UTMB Ultra Trail de Mont Blanc 2017 Tanya Carroll

I wrote such a long UTMB report last time, that I didn’t think I’d bother with another. However I changed my mind due to the loopy way it ended. I have kept the first part very short and would have included more photos but I outdid Brook by not taking a single one.

Aussie line- up at UTMB 2017


Lead up :  Less volume in training (around 70 80kms pw vs 100) but similar vert. No injuries.

Pre-race in Chamonix :  Great to know so many other runners from Aust. Felt relaxed, good sleep in the days prior and a couple of hours on the day

Start to La Fouly 110kms

The second hill was diabolical where I couldn’t keep anything down but would then come good, only to repeat the cycle 15 mins later. I got way too cold as I had started only in a T-shirt and skirt (sorry Richard for not listening). So cold that I couldn’t even get my fingers to work to open the ziploc bags containing my thermal top, gloves etc. I had to use my teeth to get them open.

I came good and whilst being behind where I wanted to be, I was happy enough cruising along. I thought that the race was going to pan out in a similar fashion to 2014, where I wouldn’t have a lot of wriggle room before the cut offs, but was feeling reasonably OK (OK being a relative term in the middle of a brutal miler). I only managed to have 3 gels I think, so was relying on soup, Coke, oranges and a couple of crackers as my fuel. This seemed to get me through last time, but with the cold temperatures (down to minus 9 degrees) and the benefit of hindsight, my nutrition obviously wasn’t sufficient.


La Fouly to Champex Lac 123kms

I didn’t realise it at the time, but the wheels started coming off a few kms out from La Fouly. The problem was because I had completed the race before, I kept anticipating when certain sections and checkpoints were coming up. The trouble was as I got more tired, my memory and my handle on where I was on the course was getting a bit messed up. I got really frustrated as I expected to see the La Fouly checkpoint a lot sooner than I did, and in my mind I felt like they had shifted the location from last time. I know this doesn’t make sense but I also felt like I had some say in where the checkpoint should have been, and that the person in charge of this checkpoint had ignored my instructions. Hmmm maybe alarm bells should have been ringing.


I got into La Fouly and set my alarm for a ten min snooze. I didn’t fall asleep but I think it helped a wee bit. I had just under 4 hours to get to Champex Lac. It was only 13kms with most of it downhill (and as it turns out on the road), and then a relatively short ascent. I headed off feeling tired but OK, and planned to hopefully have a 15min sleep at the next CP. The downhill section seemed to go quickly and I felt like I was running the majority of it. I seemed to be passing quite a number of people and was feeling pretty positive.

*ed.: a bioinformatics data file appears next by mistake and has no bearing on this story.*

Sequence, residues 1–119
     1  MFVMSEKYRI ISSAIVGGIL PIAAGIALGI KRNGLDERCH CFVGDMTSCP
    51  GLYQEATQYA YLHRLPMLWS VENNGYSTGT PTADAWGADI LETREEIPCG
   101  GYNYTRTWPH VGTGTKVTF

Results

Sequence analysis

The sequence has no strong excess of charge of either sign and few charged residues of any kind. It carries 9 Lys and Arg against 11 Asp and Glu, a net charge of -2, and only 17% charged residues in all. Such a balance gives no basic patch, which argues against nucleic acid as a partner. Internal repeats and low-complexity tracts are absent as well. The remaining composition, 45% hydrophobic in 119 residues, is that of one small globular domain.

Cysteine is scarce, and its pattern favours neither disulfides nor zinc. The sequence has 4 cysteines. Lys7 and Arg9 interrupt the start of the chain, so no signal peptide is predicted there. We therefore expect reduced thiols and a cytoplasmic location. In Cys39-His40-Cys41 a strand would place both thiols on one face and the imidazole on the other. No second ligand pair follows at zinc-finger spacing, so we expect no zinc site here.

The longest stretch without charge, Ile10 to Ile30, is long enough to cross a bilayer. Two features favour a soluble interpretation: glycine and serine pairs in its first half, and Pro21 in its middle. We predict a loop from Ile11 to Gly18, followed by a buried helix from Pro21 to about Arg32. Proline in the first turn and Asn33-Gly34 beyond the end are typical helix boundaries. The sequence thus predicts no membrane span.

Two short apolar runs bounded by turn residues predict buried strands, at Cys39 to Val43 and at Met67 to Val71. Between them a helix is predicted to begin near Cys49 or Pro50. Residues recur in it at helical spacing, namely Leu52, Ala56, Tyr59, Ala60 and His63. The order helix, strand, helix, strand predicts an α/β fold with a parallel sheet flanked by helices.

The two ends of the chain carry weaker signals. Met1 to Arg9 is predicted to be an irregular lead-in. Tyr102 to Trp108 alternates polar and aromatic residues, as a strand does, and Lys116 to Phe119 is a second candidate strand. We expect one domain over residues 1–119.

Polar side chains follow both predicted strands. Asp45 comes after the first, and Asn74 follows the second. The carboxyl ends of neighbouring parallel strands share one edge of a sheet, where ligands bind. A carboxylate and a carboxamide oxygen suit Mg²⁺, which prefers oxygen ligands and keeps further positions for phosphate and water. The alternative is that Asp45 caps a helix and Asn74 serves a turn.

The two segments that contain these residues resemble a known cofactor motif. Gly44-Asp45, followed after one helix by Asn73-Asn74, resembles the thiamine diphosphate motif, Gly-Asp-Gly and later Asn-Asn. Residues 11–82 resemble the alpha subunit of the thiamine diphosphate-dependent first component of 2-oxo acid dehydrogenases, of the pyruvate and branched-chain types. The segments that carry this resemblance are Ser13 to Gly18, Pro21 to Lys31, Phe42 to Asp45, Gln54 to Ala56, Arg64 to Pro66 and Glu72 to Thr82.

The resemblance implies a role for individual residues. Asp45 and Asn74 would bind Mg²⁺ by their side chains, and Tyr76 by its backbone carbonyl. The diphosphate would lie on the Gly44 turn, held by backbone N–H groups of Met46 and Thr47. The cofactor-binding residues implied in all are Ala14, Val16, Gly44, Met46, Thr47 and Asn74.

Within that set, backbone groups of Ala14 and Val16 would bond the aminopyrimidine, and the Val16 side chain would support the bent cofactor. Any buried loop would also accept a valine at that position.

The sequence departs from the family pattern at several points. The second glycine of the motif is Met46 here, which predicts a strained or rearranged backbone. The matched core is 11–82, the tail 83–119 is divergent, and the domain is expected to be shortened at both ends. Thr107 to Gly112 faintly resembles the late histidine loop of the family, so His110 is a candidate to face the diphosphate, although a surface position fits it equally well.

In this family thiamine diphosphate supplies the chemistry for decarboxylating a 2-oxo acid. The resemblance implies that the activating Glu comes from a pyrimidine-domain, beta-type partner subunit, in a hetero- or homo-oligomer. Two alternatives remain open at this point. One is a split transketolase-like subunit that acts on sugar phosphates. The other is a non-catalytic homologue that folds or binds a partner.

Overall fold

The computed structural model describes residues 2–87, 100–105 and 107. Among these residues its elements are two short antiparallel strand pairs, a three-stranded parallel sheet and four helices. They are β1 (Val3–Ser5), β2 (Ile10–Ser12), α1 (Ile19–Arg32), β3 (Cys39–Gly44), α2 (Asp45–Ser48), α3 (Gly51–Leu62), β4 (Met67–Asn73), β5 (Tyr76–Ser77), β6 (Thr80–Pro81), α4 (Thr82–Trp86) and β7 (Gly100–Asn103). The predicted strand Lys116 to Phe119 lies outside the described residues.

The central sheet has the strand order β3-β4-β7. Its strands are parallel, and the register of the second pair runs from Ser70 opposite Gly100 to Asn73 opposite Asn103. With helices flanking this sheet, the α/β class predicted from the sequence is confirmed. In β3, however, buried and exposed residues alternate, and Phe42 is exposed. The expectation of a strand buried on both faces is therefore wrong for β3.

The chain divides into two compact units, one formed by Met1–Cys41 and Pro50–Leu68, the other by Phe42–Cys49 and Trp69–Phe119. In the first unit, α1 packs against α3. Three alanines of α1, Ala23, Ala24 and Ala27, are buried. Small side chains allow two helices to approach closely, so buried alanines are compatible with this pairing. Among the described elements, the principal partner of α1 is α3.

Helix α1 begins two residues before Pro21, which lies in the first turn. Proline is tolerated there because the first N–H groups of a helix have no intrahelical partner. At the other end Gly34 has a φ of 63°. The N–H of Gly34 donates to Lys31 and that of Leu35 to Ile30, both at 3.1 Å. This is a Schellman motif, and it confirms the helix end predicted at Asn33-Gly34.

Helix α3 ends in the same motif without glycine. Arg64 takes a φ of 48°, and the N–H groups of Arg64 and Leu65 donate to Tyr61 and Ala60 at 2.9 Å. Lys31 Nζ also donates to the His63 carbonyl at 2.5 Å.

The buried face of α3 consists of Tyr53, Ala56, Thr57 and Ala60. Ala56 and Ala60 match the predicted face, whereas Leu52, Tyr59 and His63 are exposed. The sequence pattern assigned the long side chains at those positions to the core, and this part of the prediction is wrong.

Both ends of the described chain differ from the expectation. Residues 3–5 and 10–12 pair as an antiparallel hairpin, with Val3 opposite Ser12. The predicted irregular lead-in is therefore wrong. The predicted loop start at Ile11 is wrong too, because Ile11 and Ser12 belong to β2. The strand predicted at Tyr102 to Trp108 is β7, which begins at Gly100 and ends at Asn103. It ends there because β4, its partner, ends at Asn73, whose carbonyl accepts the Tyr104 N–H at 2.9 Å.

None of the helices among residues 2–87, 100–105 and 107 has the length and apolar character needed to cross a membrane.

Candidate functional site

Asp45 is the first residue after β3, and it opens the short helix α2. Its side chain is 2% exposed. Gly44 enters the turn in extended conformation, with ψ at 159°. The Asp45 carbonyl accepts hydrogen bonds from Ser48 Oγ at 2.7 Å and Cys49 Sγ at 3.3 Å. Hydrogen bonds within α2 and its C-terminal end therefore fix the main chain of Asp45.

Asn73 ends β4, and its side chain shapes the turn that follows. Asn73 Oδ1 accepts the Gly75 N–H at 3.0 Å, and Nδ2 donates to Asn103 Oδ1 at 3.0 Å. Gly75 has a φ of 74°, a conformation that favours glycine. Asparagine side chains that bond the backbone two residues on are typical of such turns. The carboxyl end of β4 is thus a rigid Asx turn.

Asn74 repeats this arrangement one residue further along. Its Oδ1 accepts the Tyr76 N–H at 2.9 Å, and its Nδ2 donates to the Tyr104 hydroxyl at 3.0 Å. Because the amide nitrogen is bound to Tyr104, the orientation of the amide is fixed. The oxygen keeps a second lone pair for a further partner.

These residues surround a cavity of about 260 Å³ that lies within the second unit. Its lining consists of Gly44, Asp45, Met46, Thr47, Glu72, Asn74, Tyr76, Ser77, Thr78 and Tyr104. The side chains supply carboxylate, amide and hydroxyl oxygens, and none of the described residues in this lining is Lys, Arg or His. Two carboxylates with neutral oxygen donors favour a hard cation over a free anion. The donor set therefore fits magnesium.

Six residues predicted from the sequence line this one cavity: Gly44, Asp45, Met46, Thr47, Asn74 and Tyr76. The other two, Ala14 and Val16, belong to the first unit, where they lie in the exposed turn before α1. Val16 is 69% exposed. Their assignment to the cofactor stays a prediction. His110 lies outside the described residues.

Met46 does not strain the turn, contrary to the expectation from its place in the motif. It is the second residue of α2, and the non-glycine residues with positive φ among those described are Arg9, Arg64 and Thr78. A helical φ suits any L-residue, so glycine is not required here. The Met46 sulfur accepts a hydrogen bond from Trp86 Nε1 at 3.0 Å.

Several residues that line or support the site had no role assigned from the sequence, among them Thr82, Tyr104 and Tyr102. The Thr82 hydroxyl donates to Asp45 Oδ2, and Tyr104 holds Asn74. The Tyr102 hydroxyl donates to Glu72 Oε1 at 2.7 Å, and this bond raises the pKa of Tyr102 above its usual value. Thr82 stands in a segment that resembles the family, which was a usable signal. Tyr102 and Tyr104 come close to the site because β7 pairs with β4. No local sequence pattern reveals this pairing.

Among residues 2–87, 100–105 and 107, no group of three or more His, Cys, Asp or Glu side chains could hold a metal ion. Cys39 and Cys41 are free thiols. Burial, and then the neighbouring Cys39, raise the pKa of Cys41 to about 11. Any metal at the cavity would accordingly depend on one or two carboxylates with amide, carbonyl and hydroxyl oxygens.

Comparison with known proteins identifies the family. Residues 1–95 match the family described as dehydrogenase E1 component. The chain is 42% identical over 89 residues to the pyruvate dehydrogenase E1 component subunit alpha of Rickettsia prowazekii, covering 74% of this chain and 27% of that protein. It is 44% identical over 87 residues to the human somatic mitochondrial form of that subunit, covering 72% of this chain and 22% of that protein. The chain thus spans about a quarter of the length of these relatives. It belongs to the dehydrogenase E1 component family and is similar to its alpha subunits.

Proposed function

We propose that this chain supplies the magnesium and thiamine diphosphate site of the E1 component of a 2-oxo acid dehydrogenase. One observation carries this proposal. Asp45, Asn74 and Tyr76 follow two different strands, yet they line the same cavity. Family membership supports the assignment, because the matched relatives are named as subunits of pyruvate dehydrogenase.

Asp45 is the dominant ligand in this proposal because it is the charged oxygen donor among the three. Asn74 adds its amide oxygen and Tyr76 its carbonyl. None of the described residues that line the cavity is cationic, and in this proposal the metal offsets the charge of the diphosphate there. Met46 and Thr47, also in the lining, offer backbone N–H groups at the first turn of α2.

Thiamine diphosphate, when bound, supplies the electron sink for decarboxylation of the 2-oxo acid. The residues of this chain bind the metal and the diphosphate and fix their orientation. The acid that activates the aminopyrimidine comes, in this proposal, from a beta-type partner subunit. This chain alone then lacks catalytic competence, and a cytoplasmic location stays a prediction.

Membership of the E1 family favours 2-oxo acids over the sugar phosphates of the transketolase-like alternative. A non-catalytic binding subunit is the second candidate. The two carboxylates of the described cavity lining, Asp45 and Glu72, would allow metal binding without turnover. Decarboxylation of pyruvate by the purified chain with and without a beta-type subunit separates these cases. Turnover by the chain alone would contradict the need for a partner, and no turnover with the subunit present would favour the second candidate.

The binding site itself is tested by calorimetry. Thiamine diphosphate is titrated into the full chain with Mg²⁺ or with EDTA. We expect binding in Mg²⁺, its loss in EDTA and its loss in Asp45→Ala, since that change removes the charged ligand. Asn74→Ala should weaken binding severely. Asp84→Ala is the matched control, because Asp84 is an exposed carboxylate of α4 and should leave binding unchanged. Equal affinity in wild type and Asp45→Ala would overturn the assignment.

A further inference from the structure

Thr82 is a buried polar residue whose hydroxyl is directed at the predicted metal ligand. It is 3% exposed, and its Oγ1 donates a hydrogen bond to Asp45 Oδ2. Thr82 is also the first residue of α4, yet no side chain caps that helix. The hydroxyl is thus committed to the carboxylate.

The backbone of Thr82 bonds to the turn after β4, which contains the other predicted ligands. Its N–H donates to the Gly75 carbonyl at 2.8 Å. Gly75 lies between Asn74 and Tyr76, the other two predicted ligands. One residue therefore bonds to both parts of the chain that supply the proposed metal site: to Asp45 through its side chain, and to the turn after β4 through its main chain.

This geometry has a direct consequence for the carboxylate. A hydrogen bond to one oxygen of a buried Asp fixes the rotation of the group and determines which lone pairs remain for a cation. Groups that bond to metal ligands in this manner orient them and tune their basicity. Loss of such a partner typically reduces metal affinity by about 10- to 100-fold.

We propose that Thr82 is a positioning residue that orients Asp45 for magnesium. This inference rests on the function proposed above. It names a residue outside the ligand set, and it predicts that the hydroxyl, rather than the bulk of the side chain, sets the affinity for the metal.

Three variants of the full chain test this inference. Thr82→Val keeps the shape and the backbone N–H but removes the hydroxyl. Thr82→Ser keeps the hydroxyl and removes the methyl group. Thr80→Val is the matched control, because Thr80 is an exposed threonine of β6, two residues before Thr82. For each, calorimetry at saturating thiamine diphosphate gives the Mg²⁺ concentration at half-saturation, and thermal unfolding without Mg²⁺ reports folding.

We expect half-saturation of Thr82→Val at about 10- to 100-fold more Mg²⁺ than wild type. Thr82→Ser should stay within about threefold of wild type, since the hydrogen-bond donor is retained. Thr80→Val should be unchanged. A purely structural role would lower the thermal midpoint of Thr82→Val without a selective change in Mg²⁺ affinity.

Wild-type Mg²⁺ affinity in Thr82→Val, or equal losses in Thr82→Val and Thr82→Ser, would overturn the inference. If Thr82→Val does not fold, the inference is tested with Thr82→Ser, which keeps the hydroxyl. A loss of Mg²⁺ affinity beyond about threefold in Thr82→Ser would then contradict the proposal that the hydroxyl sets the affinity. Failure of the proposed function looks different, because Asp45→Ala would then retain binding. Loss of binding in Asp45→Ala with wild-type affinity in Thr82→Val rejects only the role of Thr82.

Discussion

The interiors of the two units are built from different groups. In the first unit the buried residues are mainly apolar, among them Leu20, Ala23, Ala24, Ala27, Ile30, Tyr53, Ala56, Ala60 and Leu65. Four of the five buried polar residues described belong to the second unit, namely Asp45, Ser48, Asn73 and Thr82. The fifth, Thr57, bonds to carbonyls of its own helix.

Then things started to go awry again at Praz-De Fort, just before the climb. As in 2014 I noticed a cubby house on the corner of a street. I was beyond tired as It was around 11.45pm on Sat night, and we’d started the race at 6.30pm on Fri. I stopped to see if I could go in, but too many runners were going past. From here on it was a real stop start affair, as I kept closing my eyes whilst I was walking, then would just stop for a while and then finally I tacked onto the back of a group of people and started up the hill.  I got what I thought was all the way to the top, but then couldn’t hear or see any signs of the checkpoint. I was getting really frustrated, although not upset. For reasons I still can’t fully explain, I then decided that the path I was on, was not leading to the checkpoint, and that I was lost.  It didn’t help that there were lots of little switchbacks and a few other small trails in the vicinity, not to mention faces carved out of trees (truly, this bit wasn’t just in my imagination).  I don’t think I really strayed from the path though, I just kept sitting down and then telling anyone who would listen that we were all lost and that I didn’t know how to get to Champex Lac.  I felt like I was sending people off in all different directions, but maybe it was just the switchbacks that were making me think that.